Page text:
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Société des Missions Africaines –Province d'Irlande

COLLINS John Joseph né le 28 juillet 1908 Bawnahow
dans le diocèse de Ross, Irlande
membre de la SMA le 8 juillet 1927
prêtre le 7 juin 1931
décédé le 4 juin 1979

1931-1932 missionnaire au Liberia
1932-1934 Cloughballymore
1934-1979 animation missionnaire en Irlande
(à partir de Cork)

décédé à Cork, Irlande, le 4 juin 1979,
à l'âge de 71 ans


Father John Joseph COLLINS (1908 - 1979)

John Collins was born at Bawnahow, Skibbereen, in the diocese of Ross, on 29 July 1908. He died in the Bon Secours hospital, Cork, on 4 June 1979.

John (Jack) was educated in the houses of the Society. He studied at the Sacred Heart college, Ballinafad, Co Mayo (1921 1922) and St. Joseph's college Wilton, Cork (1922 1925), before entering the Society's novitiate and house of philosophy, at Kilcolgan, Co Galway, in the autumn of 1925. He studied theology in the major seminary, at Dromantine, Co Down, between 1927 1931. Jack was admitted as a member of the Society on 8 July 1927 and was ordained a priest by Bishop Edward Mulhern of Dromore diocese, at St. Colman's cathedral, Newry, on 7 June 1931. He was one of a group of twelve ordained on that day.

After his ordination Jack was appointed to the prefecture of Liberia. This was the first mission confided to the Irish Province on its foundation in 1912. The Society first came to Liberia in 1906 when Stephen Kyne, an Irish member, was appointed prefect apostolic. Previous efforts to found a mission in Liberia during the 19th century had failed. The Liberian field was perhaps the most difficult of the Society's West African missions, for many reasons, not least a hazardous climate and a lack of even the most rudimentary medical facilities. There was much isolation too in this impoverished, strife ridden Black Republic with its small, scattered population. Over the years many S.M.A. missionaries died or had to be invalided home. Nonetheless the Church took root and today there are three dioceses in the territory, increasingly staffed by Liberian bishops, priests and religious.

Jack had fragile health, nonetheless he was determined that his superiors should sent him to Africa and, above all, Liberia, where his cousin John had served since 1913. In the month that Jack arrived in Liberia the prefect, Jean Ogé, had died in Europe and John Collins took charge of the jurisdiction. He was officially appointed prefect in February 1932 and was to be ordained bishop in 1934. Jack's first appointment was to Bassa district, where Patrick McKenna (from Armagh diocese) was superior. This mission district had been founded in 1929 and comprised one principal station (Bassa) and one secondary station, River Cess. Bassa was also home of the prefecture's catechist training school, the Marie-Therese Ledochoqska institute. In June 1932 Jack manifested the first symptoms of an illness which required a consultation with a doctor in Monrovia. He was immediately ordered home to Ireland. It was August before he was able to get a sea passage to Ireland. After a period in a Dublin hospital, during which he made a good recovery, he was appointed to Kilcolgan. Two years later, Jack was appointed to the promotion team at Blackrock Road.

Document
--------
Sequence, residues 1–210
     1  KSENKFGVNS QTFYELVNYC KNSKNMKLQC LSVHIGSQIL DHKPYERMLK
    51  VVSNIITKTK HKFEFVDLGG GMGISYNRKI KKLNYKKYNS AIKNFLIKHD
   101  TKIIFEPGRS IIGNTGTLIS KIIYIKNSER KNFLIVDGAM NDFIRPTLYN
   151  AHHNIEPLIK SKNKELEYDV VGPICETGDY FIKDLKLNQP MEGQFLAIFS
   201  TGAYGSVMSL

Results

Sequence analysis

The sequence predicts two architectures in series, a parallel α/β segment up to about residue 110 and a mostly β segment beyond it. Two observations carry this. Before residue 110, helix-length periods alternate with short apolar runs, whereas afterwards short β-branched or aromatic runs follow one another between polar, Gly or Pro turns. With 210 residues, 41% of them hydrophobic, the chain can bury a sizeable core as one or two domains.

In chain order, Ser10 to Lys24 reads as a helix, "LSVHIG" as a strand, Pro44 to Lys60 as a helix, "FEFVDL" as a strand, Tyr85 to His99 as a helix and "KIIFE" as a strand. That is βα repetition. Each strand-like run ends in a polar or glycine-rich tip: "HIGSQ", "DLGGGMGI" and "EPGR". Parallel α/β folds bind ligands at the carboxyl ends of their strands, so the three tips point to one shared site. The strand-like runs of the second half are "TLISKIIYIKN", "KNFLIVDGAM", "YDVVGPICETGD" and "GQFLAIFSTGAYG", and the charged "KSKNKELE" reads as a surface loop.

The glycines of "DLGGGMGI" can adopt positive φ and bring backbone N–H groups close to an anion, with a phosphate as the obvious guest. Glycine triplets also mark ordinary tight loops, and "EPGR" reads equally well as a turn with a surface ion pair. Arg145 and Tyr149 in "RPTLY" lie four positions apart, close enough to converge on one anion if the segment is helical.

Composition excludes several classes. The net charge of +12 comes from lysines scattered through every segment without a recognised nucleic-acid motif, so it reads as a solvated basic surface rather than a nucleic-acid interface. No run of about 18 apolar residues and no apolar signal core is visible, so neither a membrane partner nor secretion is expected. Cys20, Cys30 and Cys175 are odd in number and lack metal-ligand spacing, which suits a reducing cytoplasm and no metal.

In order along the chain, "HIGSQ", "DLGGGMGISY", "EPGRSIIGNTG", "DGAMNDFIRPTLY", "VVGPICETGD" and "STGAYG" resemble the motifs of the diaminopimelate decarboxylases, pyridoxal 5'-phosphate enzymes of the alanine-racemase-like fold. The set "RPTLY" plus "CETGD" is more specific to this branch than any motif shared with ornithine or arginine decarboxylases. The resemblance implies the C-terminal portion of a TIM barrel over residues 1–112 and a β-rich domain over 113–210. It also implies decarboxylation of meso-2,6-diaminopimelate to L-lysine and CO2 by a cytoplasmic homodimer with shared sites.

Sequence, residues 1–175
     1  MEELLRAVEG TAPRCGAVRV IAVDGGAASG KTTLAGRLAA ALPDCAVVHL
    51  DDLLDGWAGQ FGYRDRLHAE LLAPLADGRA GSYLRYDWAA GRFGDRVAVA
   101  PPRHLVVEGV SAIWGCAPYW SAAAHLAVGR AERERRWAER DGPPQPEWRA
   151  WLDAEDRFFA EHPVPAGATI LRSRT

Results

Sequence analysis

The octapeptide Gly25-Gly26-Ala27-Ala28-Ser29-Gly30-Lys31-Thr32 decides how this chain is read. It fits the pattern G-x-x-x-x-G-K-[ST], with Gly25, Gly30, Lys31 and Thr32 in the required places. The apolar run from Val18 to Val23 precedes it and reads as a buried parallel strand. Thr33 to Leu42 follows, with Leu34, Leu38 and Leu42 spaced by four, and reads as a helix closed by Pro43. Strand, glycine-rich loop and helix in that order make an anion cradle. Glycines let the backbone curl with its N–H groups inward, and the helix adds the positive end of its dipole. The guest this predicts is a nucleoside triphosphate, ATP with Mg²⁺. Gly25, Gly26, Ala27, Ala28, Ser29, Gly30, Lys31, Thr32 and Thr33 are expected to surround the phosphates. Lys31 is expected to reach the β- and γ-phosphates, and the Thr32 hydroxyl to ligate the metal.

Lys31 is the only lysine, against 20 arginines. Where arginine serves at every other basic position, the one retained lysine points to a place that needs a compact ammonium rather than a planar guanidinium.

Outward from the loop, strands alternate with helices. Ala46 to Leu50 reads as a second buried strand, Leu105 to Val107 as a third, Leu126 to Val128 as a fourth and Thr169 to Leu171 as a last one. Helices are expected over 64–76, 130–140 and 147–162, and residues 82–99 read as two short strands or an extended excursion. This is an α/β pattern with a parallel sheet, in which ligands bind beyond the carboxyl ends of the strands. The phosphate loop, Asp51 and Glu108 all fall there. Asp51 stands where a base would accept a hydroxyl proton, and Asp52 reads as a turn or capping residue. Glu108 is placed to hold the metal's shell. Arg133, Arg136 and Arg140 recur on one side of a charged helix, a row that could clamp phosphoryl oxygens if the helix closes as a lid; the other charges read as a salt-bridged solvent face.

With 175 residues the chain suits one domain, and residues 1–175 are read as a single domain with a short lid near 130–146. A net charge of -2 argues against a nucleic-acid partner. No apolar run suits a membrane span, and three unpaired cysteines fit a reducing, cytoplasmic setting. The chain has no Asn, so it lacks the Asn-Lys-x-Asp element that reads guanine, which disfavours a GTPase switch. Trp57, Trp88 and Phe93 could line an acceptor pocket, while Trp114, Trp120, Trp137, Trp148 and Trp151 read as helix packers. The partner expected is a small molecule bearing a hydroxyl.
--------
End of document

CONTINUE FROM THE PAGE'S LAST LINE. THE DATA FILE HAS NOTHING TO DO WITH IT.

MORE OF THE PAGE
During his long priestly life Jack was to become one of the great promoters of the missions in Ireland. He was to spend forty-five years at this work. After his death a confrere penned the following appreciation of Jack's ministry. 'From his base at Blackrock Road Jack travelled all over the city and county of Cork and much further afield, north, south, east and west. He was out day and night. He never missed an opportunity. Mite boxes, sponsors, building funds, bazaars he was always after someone or something, always for the missions. Few escaped him. There are many in Cork who will remember most of all the great S.M.A. bazaars in the city hall, for which he was the chief organiser. Since the days of Fr. Zimmermann (Joseph Zimmermann, from Switzerland, founder of the Irish Province) no 'begging priest' was better known or received in Cork than Jack Collins. The comedian, Danny Hobbs, used to tell the story on stage of the distraught mother whose child had swallowed a shilling coin. Not knowing what to do she called a neighbour who advised her to send for Jackie Collins!'

Jack had a special love for, and devotion to, St. Therese of the Child Jesus, patroness of the missions. In temperament he was outgoing and extrovert. He was a fine golfer when he chose to play. Jack had a lot of sickness during his lifetime, however his great spirit and love for the missions drove him on. He continued to work to the very end despite deteriorating health. Jack was related to three members of the Society: Bishop John Collins (mentioned above), the bishop's brother, Michael, who was a General Councillor, and their nephew, Lawrence Collins, who today (1996) is the longest serving missionary in Liberia. Jack's brother and sister, who lived some 50 miles apart died within hours of each other on 20 February 1975 (Humphrey Collins of Drimoleague and Mrs Kathleen O'Leary of Kinsale). Another sister was a member of the Bon Secours order (Sr. Anne Gertrude). For quite some time before his death Jack had suffered from a heart complaint.

He is buried in Wilton cemetery.